The Burglar Who Traded Ted Williams by Lawrence Block
6. The Burglar Who Traded Ted Williams (1994)

Mini book review: Like just about every kid born in the 1970s, I collected baseball cards in my youth. (In fact, with a quick glance, I know that the two prominent cards on the book’s cover are Don Mattingly and Ryne Sandberg Topps rookie cards.) In the 1980s, people made fortunes from cardboard as the prices for certain rookie cards skyrocketed. That market crashed in the 1990s and today, most cards are worth a fraction of what they were in their heyday. As you might suspect from the title, The Burglar Who Traded Ted Williams focuses on the theft of several valuable baseball cards. Enter Bernie Rhodenbarr, the book’s main character, who just happens to be a burglar. Only Bernie didn’t steal the cards. As in the previous five books in the series, Bernie tries to clear his name from one heist, while committing several others. Like baseball and baseball cards, this book is old school, similar to other Lawrence Block novels. A drink at lunch, coffee with every meal and cops on the take, this New York City is just as one would suspect it was before Rudy Giuliani cleaned things up. Block also flaunts the intellectual side of the Big Apple, as there are numerous references to literature and the arts and Bernie’s best friend is a female with an alternative lifestyle. (In an interesting touch, Rhodenbarr owns a used bookstore, which gives Block the ability to freely write about other authors. The running joke encompassing pages of dialogue in this book is Sue Grafton’s Alphabet series featuring Kinsey Millhone.) As in all Block novels, the pace is steady and never frantic, the story builds to a climax and then things wrap up very nicely in the end. And while you may think you know where things are headed, there is always a twist or turn that you just hadn’t thought of. Which, of course, makes you keep coming back for more.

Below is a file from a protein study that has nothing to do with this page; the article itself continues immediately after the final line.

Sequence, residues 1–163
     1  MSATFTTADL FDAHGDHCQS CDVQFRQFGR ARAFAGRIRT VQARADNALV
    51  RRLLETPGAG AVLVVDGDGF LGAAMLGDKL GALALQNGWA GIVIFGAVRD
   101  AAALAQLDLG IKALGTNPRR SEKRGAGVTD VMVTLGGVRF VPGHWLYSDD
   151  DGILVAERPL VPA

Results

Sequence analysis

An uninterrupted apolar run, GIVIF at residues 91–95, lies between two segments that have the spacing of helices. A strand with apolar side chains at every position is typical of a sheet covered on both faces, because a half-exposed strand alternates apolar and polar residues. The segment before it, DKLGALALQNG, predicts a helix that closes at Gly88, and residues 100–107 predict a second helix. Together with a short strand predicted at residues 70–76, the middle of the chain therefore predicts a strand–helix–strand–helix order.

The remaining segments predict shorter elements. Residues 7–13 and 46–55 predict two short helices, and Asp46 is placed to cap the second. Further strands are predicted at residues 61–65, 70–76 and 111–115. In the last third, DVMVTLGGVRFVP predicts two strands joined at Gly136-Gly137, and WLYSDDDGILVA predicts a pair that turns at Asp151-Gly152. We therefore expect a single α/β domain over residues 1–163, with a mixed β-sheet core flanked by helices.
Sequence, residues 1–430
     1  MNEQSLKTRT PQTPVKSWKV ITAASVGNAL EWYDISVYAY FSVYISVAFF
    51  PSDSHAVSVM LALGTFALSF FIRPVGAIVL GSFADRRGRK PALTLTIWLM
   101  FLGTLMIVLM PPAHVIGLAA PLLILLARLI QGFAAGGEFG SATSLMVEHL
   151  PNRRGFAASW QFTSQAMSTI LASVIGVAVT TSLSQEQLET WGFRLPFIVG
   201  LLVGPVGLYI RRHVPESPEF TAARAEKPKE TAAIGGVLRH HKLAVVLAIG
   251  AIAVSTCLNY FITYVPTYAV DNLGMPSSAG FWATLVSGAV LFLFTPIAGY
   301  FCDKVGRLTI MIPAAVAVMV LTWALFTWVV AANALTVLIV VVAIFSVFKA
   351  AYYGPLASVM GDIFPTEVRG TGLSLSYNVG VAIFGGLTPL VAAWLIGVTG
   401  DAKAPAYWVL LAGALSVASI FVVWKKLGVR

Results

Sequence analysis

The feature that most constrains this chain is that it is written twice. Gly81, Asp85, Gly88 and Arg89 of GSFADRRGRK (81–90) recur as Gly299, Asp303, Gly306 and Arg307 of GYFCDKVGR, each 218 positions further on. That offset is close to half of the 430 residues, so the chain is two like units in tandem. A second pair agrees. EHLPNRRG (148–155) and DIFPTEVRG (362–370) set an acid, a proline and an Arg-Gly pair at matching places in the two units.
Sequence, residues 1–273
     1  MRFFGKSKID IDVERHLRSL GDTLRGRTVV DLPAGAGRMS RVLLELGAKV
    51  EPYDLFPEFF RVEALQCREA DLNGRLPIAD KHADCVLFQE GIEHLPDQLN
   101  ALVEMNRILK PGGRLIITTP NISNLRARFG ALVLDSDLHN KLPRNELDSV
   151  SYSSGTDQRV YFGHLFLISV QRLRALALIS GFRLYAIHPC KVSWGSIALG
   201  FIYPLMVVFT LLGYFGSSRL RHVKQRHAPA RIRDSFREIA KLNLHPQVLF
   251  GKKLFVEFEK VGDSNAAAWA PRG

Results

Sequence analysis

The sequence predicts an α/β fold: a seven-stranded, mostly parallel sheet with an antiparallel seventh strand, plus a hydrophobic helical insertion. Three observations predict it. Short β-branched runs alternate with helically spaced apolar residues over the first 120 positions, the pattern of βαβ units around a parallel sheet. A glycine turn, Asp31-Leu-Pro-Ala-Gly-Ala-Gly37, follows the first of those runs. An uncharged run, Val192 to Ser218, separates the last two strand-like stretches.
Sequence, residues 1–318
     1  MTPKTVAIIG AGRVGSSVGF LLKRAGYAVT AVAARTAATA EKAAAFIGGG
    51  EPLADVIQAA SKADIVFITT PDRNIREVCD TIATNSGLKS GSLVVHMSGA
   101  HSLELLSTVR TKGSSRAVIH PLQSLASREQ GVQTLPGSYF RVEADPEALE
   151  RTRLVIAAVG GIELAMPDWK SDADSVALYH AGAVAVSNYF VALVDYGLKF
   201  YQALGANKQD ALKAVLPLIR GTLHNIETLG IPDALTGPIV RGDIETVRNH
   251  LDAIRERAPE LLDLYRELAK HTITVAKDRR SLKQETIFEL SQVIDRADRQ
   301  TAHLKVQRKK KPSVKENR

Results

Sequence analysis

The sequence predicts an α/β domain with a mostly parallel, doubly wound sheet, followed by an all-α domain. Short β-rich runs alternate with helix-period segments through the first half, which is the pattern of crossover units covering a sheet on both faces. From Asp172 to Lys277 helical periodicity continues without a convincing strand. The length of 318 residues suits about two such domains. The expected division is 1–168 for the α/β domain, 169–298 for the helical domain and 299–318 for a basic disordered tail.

Bernie Rhodenbarr books by Lawrence Block on my reading list

The Burglar Who Thought He Was Bogart
7. The Burglar Who Thought He Was Bogart (1995)

The Burglar in the Library by Lawrence Block
8. The Burglar in the Library (1997)

The Burglar in the Rye by Lawrence Block
9. The Burglar in the Rye (1999)

The Burglar on the Prowl by Lawrence Block
10. The Burglar on the Prowl (2004)